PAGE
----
Make sure it is loud, and again, make sure it will work if the power is out. If you don’t have the budget for a major home security system,just pick up a few doorknob alarms. You can get these online or at Home Depot for about 10 bucks.
Reinforce your windows.
Windows are just too easy to break through and too tempting. If you live on a ground floor put bars over all your windows. Build a security fence. It has to go all the way around your property and be at least seven feet high. Yeah a determined criminal might find a way past it, but they may not want to try, and just move on to an easier target. The key to most of these measures is deterrence.
Use a decoy safe.
Your “real” safe should be very well hidden, but get a decoy safe that is fairly easy to find and filled with some cash, junk jewelry and documents that look important, but aren’t. Special Ops love the art of diversion. Use your “real” looking decoy safe, and put your valuables in a diversion safe that looks like a book, or various household items, like toiletries or drink cans.
Get a big dog : Enough said.
If You Plan To Bug Out
If you decide to leave, or are even thinking about leaving, the two most important things you need to have are a Bug Out Kit, and a designated Bug Out Vehicle.Your Bug Out Vehicle must be 4-wheel drive, preferably an older but well maintained one, with a manual transmission and a carburetor. “Modern” vehicles with electronic ignitions, and fuel injection, could be rendered useless in the event of an Electromagnetic Pulse (EMP) that can occur as the result of a Solar Flare or nuclear detention.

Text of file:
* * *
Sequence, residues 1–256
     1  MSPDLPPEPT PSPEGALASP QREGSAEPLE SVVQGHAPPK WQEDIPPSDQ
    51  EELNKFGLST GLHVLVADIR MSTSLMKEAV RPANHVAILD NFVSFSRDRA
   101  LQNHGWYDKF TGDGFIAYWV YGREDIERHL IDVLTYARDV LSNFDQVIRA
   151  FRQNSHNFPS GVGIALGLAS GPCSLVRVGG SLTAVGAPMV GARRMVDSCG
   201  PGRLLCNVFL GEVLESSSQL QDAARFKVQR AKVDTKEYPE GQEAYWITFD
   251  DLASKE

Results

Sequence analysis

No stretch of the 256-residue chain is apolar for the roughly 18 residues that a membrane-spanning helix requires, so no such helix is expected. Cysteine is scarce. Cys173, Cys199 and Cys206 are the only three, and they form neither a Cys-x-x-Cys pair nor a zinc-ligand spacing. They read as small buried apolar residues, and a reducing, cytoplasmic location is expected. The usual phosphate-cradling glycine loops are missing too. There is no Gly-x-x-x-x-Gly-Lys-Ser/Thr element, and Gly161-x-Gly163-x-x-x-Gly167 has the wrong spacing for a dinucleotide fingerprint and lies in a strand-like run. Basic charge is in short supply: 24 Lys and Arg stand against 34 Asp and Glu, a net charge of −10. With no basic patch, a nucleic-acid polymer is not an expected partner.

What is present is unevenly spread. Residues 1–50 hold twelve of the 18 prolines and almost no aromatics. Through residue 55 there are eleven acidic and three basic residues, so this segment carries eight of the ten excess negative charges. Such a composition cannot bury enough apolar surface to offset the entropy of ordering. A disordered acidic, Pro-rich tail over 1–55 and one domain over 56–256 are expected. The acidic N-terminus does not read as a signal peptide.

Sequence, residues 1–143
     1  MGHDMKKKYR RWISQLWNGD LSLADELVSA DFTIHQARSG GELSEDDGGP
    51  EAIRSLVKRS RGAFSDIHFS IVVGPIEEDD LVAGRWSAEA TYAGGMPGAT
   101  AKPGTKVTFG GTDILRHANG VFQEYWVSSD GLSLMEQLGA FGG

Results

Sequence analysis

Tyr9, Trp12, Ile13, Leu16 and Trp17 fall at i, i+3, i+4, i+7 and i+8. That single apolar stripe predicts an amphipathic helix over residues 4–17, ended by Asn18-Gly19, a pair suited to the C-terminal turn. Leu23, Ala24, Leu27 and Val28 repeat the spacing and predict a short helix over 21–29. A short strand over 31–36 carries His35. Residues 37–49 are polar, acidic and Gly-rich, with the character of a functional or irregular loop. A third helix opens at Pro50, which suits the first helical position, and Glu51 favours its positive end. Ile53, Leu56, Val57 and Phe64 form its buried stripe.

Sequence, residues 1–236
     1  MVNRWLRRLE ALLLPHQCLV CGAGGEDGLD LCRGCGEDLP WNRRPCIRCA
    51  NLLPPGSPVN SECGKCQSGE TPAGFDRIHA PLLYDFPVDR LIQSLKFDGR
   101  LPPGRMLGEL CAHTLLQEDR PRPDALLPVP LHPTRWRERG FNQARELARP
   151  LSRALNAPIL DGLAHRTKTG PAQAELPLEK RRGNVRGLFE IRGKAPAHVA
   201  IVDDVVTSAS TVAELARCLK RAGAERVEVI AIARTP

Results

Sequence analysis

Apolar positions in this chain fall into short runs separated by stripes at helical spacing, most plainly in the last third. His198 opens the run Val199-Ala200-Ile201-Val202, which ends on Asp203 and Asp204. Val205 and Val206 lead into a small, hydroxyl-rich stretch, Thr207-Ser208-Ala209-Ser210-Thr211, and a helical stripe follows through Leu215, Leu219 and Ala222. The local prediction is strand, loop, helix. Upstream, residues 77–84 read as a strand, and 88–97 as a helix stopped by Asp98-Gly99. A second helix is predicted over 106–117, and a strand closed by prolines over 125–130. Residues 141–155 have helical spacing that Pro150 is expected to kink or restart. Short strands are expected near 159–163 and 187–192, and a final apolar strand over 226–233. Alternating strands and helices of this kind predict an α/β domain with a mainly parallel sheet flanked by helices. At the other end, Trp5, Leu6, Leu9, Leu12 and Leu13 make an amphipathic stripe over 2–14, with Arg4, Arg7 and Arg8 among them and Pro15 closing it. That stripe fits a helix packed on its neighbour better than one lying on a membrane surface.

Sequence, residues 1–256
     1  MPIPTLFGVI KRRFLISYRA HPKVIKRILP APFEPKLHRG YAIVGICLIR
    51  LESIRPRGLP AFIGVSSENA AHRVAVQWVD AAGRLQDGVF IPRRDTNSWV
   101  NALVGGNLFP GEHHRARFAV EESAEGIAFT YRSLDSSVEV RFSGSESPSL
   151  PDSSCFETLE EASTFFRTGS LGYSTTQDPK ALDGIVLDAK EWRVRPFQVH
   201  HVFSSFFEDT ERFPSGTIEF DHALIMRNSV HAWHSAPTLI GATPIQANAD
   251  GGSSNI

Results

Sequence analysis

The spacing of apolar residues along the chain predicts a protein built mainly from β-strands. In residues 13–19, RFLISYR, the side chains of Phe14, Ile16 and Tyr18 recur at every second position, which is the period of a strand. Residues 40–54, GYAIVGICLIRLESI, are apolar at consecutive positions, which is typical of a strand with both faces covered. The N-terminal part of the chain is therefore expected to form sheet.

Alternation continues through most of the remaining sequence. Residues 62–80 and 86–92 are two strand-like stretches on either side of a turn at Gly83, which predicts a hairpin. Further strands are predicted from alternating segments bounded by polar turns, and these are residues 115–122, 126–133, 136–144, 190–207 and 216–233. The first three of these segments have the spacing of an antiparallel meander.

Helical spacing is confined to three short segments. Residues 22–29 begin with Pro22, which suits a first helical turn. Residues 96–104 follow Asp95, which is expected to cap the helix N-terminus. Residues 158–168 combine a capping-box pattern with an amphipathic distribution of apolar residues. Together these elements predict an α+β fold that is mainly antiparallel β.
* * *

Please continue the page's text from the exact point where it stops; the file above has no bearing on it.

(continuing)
A vehicle with a clutch and carburetor can always be rollstarted.Knowing how to drive a stick and start a car by popping the clutch is a must have survival skill.You can pick up a mid 90’s Jeep Grand Cherokee almost anywhere in the country for under $2000.00. Do so! Even if it just sits in your driveway be sure it is gassed up, in good repair, and ready to go at all times. If it is beat up on the outside good leave it that way. This way you don’t look like a target. The ultimate Bug Out Vehicle looks like crap, but drives like a dream.Remember if you’re going to leave there is a chance that traveling by roads under normal conditions may not be possible, especially the later you decide to bug out.
Communications, public transportation, streetlights, traffic signals, and other infrastructure that normally make traveling by road easy, may not be functioning. As part of your evacuation plan you must be prepared to travel by foot if necessary. You should know your evacuation route before an emergency occurs. Drive it several times looking for spots along the route for shelter or other facilities, just in case you have to leave your vehicle and make your escape by foot. If you do need to evacuate on foot, that means you will have to carry your Go Bag with you slung on your back. Traveling for miles in uncertain conditions carrying a rucksack is not easy for someone untrained. In the military, we drill for a forced march in full pack and gear.